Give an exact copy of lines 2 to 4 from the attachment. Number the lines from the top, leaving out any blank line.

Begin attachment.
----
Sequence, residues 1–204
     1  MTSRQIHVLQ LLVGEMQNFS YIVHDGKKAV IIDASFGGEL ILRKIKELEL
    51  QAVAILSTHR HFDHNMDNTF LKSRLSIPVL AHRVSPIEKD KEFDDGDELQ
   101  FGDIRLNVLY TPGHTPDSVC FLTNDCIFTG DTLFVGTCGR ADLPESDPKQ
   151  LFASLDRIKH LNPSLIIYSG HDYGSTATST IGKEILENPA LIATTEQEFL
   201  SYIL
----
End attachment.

     1  MTSRQIHVLQ LLVGEMQNFS YIVHDGKKAV IIDASFGGEL ILRKIKELEL
    51  QAVAILSTHR HFDHNMDNTF LKSRLSIPVL AHRVSPIEKD KEFDDGDELQ
   101  FGDIRLNVLY TPGHTPDSVC FLTNDCIFTG DTLFVGTCGR ADLPESDPKQ